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Old 01-04-2002, 08:09 AM
Anthony Lombardy Anthony Lombardy is offline
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David, Since I knew of you already as a collaborator with my old teacher from the seventies, John Nims, whom I remember with great affection and respect, I've enjoyed your comments and getting to know your poetry better, and it is no surprise that both are full of interest.

My question concerns your role as a champion of the idea that contemporary poetry should be breaking out of its little lyrical box and trying to reclaim some of the ground lost to other literary forms in the last century. I couldn't agree more with this general idea, but it seems to me that the type of poetry most often mentioned in this context, narrative poetry, is not something that many lyric poets are very disposed or well equipped to write, while there are other possibilities for poetry, which we often associate with the genres of satire and elegy, and which may fit the talents of a wider range of lyric poets, but which we don't support very well in our journals or our criticism.

What's lost sight of, perhaps, is that lyric poetry is a very rarefied genre, which, while highly valued, has never occupied too much public space. In the great wealth of ancient literature there is almost no Greek lyric poetry after the deaths of Pindar and Bacchylides in the 5th century. With the exception of the great odes of Horace, a little Statius, and some choral odes in Seneca's plays, the Romans had virtually no lyric poetry. Yet undoubtedly in the intellectual life of each culture, poets had a far larger place than in our own. These poets were not often writing intense personal reflections on their own inner lives, but they were writing about the culture around them: its mores, its history, its religion, its metaphysics. I think you're right when you say that contemporary poetry is puritanical in its solemnity; it's also highly restrictive and even anti-intellectual in its range of topics. Many journals actually say upfront that religion and politics are off limits!

Some people will counter that my notion of "lyric" is tied to mere formal characteristics, but the connection between form and subject is not fanciful or merely conventional. Today, the occasional treatment of public issues in lyric modes, like the sonnet, signifies to me the pressure felt by thinking poets to write about important topics in a form that is conventionally lyric and personal.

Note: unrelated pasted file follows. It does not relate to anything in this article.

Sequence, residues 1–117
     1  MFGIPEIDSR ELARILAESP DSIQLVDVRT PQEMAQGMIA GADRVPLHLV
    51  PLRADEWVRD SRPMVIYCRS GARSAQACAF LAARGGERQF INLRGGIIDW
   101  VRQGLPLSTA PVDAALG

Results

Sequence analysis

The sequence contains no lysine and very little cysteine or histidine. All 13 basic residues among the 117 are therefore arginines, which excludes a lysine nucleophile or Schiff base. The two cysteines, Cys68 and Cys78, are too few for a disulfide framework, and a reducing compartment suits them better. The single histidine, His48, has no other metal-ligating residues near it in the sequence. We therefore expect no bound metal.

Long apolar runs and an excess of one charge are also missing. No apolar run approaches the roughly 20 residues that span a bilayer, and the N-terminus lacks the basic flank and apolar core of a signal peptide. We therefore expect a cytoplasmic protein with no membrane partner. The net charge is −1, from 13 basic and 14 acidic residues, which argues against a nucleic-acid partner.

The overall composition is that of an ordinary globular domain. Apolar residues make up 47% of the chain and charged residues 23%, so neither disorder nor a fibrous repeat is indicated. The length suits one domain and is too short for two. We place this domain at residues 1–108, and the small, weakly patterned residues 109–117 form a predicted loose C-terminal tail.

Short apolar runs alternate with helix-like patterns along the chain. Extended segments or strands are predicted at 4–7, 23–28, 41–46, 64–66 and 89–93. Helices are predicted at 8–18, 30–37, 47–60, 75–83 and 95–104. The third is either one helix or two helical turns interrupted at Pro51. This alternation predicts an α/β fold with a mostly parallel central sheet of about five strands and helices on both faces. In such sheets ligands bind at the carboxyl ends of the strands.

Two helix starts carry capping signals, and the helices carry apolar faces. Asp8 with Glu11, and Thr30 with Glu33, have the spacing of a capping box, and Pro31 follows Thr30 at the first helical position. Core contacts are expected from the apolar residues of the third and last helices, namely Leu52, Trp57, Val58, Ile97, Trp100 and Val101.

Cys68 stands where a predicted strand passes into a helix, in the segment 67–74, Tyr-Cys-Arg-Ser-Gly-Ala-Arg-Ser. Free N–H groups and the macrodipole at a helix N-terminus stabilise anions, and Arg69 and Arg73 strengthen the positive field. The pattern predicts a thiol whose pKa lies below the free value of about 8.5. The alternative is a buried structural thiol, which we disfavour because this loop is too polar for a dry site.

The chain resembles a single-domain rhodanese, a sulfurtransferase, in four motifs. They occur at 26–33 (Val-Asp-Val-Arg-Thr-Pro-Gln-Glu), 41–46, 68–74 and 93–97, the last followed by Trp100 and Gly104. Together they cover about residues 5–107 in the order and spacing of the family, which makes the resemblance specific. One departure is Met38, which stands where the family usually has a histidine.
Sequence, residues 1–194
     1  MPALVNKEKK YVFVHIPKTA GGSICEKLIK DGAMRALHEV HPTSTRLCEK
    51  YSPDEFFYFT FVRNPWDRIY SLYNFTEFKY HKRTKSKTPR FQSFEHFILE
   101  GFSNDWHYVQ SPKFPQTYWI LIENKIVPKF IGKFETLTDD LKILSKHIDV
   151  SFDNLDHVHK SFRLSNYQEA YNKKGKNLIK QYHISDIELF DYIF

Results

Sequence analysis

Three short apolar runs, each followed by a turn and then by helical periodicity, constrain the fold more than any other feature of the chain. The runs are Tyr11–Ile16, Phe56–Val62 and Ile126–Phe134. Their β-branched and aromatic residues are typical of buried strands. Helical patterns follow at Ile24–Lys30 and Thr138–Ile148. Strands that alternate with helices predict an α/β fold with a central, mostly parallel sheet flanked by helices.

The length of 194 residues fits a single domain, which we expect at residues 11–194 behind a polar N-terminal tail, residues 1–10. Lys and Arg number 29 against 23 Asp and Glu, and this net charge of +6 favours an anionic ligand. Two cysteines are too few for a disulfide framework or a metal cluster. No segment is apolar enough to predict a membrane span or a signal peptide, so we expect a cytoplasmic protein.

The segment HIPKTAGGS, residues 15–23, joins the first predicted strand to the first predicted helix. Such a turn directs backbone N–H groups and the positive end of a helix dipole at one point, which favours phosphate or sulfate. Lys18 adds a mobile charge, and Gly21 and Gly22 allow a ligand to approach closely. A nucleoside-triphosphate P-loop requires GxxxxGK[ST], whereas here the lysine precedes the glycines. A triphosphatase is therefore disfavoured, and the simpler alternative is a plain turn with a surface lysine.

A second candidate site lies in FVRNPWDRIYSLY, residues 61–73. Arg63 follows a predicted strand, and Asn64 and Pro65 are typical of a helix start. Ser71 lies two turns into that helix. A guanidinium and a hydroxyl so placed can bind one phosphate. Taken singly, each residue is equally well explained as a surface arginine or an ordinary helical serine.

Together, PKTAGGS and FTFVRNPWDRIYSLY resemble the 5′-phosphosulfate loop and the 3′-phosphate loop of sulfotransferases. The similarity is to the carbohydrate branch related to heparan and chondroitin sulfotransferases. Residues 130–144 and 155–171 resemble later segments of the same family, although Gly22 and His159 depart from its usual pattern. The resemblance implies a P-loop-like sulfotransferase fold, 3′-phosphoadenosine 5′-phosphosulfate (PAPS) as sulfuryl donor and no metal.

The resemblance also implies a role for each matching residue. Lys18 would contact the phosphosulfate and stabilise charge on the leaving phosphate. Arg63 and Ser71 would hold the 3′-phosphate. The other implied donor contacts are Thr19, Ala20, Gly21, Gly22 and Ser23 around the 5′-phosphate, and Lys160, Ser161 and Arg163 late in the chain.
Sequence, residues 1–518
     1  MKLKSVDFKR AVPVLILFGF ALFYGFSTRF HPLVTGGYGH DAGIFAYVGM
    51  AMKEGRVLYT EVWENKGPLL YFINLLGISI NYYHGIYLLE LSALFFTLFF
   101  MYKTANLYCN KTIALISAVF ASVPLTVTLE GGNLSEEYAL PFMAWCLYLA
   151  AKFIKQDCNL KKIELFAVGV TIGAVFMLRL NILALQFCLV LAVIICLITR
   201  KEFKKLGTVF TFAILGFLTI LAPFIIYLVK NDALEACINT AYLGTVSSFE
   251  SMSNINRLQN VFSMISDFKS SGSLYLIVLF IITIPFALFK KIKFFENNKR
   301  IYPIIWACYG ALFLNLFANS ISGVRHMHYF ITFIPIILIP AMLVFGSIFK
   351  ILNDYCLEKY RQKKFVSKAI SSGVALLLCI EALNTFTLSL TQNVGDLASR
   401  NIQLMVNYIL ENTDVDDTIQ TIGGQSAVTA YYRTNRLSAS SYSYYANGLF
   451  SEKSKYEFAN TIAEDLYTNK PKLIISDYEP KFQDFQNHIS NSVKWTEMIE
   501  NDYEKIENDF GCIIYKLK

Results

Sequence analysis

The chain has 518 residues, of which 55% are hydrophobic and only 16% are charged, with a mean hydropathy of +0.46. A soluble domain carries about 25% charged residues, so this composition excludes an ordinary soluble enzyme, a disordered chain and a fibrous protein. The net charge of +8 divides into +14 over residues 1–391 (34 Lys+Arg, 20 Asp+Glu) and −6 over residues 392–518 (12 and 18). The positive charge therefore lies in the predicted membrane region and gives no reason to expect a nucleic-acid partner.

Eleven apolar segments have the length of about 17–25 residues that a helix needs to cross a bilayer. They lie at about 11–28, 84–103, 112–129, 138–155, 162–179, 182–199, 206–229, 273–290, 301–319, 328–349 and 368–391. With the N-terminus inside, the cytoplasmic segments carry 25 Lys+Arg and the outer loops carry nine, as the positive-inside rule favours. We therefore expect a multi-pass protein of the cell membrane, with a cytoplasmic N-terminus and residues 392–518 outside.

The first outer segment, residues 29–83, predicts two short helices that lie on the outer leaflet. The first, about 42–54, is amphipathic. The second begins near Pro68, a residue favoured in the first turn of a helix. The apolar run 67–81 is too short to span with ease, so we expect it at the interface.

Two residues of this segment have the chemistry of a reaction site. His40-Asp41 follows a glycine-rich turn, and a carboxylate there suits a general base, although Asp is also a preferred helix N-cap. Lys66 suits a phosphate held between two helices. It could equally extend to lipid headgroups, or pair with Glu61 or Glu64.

What I'm asking, I guess, is whether or not an even more radical advocacy of an expanded poetry, not limited to the lyric or to narrative, might resonate with our contemporaries. I apologize in advance if my question simply betrays my ignorance of your own already stated views. I do, of course, know that you, Dana Gioia, and others have written well on this general topic, and my recollection may well be faulty in thinking that the dominant emphasis has been on narrative as the neglected genre, but, in any event, I would certainly be interested in your thoughts.


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Old 01-04-2002, 11:44 AM
David Mason David Mason is offline
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What a pleasure to write to someone who knew and loved John Nims. He was a great man, a superb poet, an even better translator, and one of the wittiest fellows I've ever known. I believe that a New and Selected Poems of JF Nims will be published soon by Louisiana State University Press. I'm going to do a new edition of Western Wind for 2004, and I'll take any advice you care to offer about that book.

I can only agree with you that narrative has been overemphasized in this important conversation. I came to it as a fiction writer when young, and it has been a major preoccupation of mine, but that preoccupation is also limiting, as you say.

Satires, Meditations and other types of poems are needed, and if you don't know the great Selected Poems by RS Gwynn I hope you'll run right out and get it. Gwynn is the best satirical poet of my generation--at least to my knowledge. When I think of models of breadth in terms of genre, I think of Auden. It doesn't seem to me that anyone else in the 20th Century came close to him in terms of the range of his work. Auden was actually weak in narrative and dramatic poems, because he didn't have the empathetic sense necessary to pull them off (though I think his allegorical characterizations are pretty remarkable).

The inability of contemporary editors to accept a poetry of ideas is actually something that is noticed by non-formalist poets like John Haines as well. Haines's new collection of poems from the University of Washington Press is notable for its public voice. I think, too, of a poet whose politcs I hate, but whose verbal range I find simply astonishing, the late Thomas McGrath in his Letter to an Imaginary Friend.